With a career spanning over 25 years in marketing and consumer products, Sadove held various positions of increasing responsibility at General Foods USA, including executive vice president and general manager of the desserts division. He joined Bristol-Myers Squibb in 1991 as president of Clairol. In 1994, he was appointed worldwide president for Clairol, overseeing the brand in the U.S., Canada, Europe, the Mideast, Africa and Latin America. In 1996, he was named president of Bristol-Myers Squibb Worldwide Beauty Care, with responsibility for Clairol Worldwide and Matrix Essentials. In 1997, he was named president of Bristol-Myers Squibb Worldwide Beauty Care and Nutritionals, adding Mead Johnson Nutritionals to his duties.
“During his tenure at Bristol-Myers Squibb, Steve led Clairol to become the number-one hair care business in the U.S., relaunched the Herbal Essences brand — which is now a $700 million business — and most recently completed the sale of the beauty care business to Procter & Gamble for approximately $5 billion,” said Martin.
Saks Enterprises operates 62 Saks Fifth Avenue stores, 51 Saks Off 5th stores, and Saks Direct. The Saks Department Store Group operates 41 Parisian specialty department stores and 203 traditional department stores under the names of Proffitt’s McRae’s, Younkers, Herberger’s, Carson Pirie Scott, Bergner’s and Boston Store.
Sadove joins Saks at a critical time. The company has been hurt by a slowdown in the luxury sector and a highly promotional retail environment. Last winter, Saks Fifth Avenue aborted its planned spinoff from its parent.
Saks Inc. will report its December sales results on Thursday, and Martin declined to comment on those results until then.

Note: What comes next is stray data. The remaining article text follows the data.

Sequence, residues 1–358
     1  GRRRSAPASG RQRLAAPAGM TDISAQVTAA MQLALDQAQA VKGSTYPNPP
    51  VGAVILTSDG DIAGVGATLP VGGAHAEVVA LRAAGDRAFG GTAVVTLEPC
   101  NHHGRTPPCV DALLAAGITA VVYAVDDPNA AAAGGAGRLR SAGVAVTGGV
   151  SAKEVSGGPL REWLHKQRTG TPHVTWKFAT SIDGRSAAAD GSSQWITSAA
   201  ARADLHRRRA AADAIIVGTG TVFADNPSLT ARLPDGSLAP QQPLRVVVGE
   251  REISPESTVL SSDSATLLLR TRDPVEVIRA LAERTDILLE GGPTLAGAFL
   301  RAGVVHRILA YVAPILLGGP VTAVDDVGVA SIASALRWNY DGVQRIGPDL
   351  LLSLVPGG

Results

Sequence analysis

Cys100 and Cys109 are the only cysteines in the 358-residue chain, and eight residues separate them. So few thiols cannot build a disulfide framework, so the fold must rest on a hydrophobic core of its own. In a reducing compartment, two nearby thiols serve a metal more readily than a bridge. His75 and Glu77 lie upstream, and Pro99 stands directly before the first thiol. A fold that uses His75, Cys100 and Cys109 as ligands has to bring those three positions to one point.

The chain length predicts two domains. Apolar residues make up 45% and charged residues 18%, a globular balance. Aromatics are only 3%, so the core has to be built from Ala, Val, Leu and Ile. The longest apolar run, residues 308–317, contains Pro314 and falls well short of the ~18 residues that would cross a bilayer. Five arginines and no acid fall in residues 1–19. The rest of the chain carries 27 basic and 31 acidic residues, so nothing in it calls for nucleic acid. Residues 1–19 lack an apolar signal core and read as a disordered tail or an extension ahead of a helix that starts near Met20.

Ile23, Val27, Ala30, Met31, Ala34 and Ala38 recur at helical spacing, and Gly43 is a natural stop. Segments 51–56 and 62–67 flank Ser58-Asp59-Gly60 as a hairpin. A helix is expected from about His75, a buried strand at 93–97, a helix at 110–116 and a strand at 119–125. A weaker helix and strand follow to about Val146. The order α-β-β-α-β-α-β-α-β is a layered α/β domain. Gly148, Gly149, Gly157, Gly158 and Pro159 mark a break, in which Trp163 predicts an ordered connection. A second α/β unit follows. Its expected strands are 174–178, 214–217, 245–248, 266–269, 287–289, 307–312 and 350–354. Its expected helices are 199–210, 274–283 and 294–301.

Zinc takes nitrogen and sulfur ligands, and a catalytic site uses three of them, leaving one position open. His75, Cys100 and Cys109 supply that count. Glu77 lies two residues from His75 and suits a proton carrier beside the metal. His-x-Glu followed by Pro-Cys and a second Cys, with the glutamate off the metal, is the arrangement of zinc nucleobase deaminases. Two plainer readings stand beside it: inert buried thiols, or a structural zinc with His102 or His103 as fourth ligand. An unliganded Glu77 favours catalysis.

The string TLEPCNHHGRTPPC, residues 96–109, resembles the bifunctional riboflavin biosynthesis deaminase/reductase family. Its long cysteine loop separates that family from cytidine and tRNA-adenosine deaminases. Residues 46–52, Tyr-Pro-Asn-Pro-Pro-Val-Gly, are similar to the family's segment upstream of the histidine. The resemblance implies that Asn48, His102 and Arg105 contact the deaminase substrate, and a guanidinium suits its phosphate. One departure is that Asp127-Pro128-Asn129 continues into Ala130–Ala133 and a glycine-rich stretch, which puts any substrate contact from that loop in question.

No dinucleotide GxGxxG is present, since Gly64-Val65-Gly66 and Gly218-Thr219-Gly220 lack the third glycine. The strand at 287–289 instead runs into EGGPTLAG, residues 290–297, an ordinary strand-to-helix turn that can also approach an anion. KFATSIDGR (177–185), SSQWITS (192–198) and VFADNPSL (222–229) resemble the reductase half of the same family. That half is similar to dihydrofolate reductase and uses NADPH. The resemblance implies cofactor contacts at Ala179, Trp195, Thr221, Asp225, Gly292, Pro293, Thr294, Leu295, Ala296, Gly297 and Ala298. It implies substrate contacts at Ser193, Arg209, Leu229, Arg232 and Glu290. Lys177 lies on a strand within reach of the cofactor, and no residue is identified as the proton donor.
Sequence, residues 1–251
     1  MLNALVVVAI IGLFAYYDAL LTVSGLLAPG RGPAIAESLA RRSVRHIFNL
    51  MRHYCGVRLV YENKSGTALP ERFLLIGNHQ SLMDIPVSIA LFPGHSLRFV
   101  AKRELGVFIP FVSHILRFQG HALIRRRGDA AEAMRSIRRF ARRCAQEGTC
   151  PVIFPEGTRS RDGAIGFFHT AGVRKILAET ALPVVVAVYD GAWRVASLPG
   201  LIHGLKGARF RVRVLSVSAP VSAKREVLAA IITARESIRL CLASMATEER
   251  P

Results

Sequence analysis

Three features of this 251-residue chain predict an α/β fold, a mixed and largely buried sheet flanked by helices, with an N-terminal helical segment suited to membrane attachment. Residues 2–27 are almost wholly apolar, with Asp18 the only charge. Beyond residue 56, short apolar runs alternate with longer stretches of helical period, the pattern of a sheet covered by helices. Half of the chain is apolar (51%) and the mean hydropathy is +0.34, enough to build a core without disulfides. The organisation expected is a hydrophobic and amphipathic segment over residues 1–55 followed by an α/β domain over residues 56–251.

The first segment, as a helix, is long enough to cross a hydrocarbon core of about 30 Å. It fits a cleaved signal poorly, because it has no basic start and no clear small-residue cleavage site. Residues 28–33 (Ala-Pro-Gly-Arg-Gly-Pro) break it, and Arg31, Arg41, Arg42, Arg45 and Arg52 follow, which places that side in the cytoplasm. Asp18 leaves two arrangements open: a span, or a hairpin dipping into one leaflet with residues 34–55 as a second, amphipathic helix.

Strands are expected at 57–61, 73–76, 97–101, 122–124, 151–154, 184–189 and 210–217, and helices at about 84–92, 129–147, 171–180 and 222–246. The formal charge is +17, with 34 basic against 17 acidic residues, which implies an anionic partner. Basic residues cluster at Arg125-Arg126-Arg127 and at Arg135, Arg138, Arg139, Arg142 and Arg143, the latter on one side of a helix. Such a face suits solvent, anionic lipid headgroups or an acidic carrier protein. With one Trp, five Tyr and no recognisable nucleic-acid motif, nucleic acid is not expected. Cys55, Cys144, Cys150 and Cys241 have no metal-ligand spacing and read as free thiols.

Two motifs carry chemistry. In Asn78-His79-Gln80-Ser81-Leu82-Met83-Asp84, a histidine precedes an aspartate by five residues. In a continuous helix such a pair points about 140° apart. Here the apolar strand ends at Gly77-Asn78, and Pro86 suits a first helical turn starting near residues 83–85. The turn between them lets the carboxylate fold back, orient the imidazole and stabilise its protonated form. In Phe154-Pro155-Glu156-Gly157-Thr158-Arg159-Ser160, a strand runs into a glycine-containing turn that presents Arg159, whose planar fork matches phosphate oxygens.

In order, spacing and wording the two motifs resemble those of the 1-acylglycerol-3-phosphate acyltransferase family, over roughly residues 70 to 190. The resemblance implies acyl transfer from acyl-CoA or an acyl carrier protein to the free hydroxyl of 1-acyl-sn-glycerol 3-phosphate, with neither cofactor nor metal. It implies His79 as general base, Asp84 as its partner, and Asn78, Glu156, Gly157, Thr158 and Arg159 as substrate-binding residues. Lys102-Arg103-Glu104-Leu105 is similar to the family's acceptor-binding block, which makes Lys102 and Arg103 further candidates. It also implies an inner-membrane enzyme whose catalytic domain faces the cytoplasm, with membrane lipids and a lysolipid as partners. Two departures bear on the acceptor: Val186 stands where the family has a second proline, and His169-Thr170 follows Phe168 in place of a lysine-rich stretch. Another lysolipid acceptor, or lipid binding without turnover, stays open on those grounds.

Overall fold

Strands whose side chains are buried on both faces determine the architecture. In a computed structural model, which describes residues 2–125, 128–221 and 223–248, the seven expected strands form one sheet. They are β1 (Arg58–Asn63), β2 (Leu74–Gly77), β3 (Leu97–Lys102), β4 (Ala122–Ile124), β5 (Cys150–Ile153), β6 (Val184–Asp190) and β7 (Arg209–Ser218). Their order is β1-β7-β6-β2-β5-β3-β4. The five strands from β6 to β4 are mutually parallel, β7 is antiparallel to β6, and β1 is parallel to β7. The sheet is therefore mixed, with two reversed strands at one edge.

“We’re constantly trying to get better at what we do in every aspect of this business,” said Martin. “The company weathered the difficult storms of the second half of 2001, and our corporations [SFAE and SDSG] are all positioned for an outstanding 2002.”
As reported, the company in November recorded a third-quarter loss three times that of the previous year, but earnings per share were a nickel ahead of Wall Street’s expectations. Results for the third quarter were uncharacteristically propped up by its department store group, while the upscale SFA division showed signs of its heavy exposure to the depressed New York climate and luxury environment. Net loss widened to $21.8 million, compared with the year-ago deficit of $8.2 million. Sales fell 9.2 percent to $1.42 billion from $1.57 billion a year ago, on a 7.3 percent drop in comparable-store sales.
In October, as reported, Saks Inc.’s debt was placed on review for possible downgrade by Moody’s Investors Service. Last August, the bond-rating agency took Saks’s senior implied debt rating down a notch to Ba2 — two steps below investment grade — due to poor operating performances at the department stores and Saks Fifth Avenue. According to a Moody’s statement, Saks is “more highly leveraged than a number of its competitors and its debt protection measures are therefore impacted disproportionately by lower sales and related markdowns.”